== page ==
Don Jon's Glimpse of "Pornified Love": When "Sex Is No Longer Sexy"
Joseph Gordon-Levitt plays a church-going Catholic who routinely confesses his porn addiction, but can't stop it.
BY Joan Frawley Desmond
| Posted 9/27/13 at 11:46 AM
Don Jon, a new film that explores pornography's thrall in 21st Century America, is not for "sensitive" viewers, warns Mary Rose Somarriba in an article in Verily that weaves scenes from the film with the latest information on the Social Costs of Porngraphy.
For Gordon-Levitt’s first written and directed feature film, Don Jon (which sensitive viewers should know is filled with porn clips) raises a good question: Does our culture have an unhealthy relationship with porn? Has it diminished our view of women, relationships, and sex in general?
Don Jon is a bold contribution to a recent trend in entertainment, giving audiences a real—and grim—snapshot of 21st-century relationships. Call it post–Sex and the City realism. There’s the recent film Lovelace, contrasting the exciting story, as we were told it, of Deepthroat star Linda Lovelace, and the completely un-sexy version as it really was. There’s Girls on HBO, known for showing ugly, lifelike sex scenes. There’s Lady Gaga and Miley Cyrus, managing to make ultra-risqué performances devoid of any sex appeal. It’s as if sex is no longer sexy in pop culture. What was once a warm and alluring mystery is now a cold, anatomical display. If intimacy is dead, porn may have killed it.
Somarriba acknowledgeds that porn addiction is not the only force resetting our expectations and approach to the "one flesh" union celebrated in Genesis.
One could easily add possessiveness and jealousy to the list, or impatience with others’ flaws, or the all-too-common temptation to try to manipulate and change the other to our liking. The popularity of pornography has been fostered, perhaps, in part by a larger cultural tendency toward individualism, a perception that relationships are primarily tools used by an individual on his or her solo journey of self-understanding and satisfaction.
Don Jon responds to the question of pornography not through statistics (although, as we have seen, they’re there) but, ultimately, through a simple assertion, powerfully made through the stories of the characters: Like it or not, authentic relationships are not one-sided. “If you want to lose yourself, you have to lose yourself in another person. And she has to lose herself in you. It’s a two-way thing.”
The New York Times film review of Don Jon didn't pick up on the cautionary elements of his story, but the reviewer did take note of the protagonist's narcissim.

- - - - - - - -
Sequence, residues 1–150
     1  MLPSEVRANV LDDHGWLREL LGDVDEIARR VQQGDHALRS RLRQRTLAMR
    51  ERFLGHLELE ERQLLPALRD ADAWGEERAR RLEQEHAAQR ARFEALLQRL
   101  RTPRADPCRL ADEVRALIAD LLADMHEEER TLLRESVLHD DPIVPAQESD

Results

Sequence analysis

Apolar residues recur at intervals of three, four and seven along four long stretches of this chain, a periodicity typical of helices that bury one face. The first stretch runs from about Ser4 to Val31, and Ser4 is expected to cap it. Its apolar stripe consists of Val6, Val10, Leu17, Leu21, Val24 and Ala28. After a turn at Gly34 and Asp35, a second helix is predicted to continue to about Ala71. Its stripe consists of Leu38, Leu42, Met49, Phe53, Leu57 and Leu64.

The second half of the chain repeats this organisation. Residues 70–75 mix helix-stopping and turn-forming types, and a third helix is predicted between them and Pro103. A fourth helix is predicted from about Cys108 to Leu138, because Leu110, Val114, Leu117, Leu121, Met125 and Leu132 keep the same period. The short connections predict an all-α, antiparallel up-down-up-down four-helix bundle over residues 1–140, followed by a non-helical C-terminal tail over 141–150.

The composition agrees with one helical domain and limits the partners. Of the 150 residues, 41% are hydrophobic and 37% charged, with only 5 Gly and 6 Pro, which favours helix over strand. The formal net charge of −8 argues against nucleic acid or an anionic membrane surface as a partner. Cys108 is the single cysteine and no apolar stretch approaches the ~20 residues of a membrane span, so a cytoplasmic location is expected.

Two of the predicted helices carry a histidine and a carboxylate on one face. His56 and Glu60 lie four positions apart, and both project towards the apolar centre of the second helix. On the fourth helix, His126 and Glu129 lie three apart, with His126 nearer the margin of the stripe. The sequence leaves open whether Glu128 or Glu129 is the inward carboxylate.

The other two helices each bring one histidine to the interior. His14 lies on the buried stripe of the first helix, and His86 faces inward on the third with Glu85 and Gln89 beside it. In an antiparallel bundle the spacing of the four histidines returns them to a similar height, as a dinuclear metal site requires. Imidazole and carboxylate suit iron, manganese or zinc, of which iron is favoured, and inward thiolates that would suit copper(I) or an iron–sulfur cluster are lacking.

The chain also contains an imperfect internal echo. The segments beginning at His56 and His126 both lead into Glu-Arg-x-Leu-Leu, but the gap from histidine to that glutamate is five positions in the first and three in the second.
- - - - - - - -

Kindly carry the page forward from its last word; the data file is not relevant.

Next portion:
all Jon cares about, as he repeatedly claims in a voice-over that sounds like a loop, are ‘“my body, my pad, my ride, my family, my church, my boys, my girls, my porn.” That’s a whole lot of me and mine.
Which is directly to the point of this deceptively sincere movie about masculinity and its discontents that Mr. Gordon-Levitt, making a fine feature directing debut, shapes into a story about a young man’s moral education.
Don Jon's life begins to change when he meets Barbara Sugarman (Scarlett Johansson). He and his friends are clubbing, and after a superficial assessment of her looks, they give her a "dime", ie, a 10 for beauty. It turns out, as the Times review notes
Barbara has her own addiction, specifically to the kind of storybook romance that, the movie suggests, reduces human relations to commercial transactions as much as pornography does.
What do romantic movies and mass market romances have to do with porn? The combination may seem unlikely, but more than a few observors have noted that romance novels, in particular, are requally addictive (only a click away on Kindle) and have become the female equivalent of porn--the male characters are idealized and instramentalized to fulfill the reader's fantasies. Husbands can seem dull by comparison.
Back in 2009, amid the darkest moments of the great recession, one publisher told the Times that hardcore romance readers, who gobble up four or more books a week, are
"a very dedicated audience who doesn’t see it as a luxury as much as a necessity."
Don Jon may be upfront about the reality of these dual addictions, but will the audience leave the threater prepared to discard their fantasy partners? What does it take to give the "two-way thing" a real shot?
UPDATE: In an interview with Dig, Gordon-Levitt explained that he was inspired to
"tell a story about how people treat other people more like things,”
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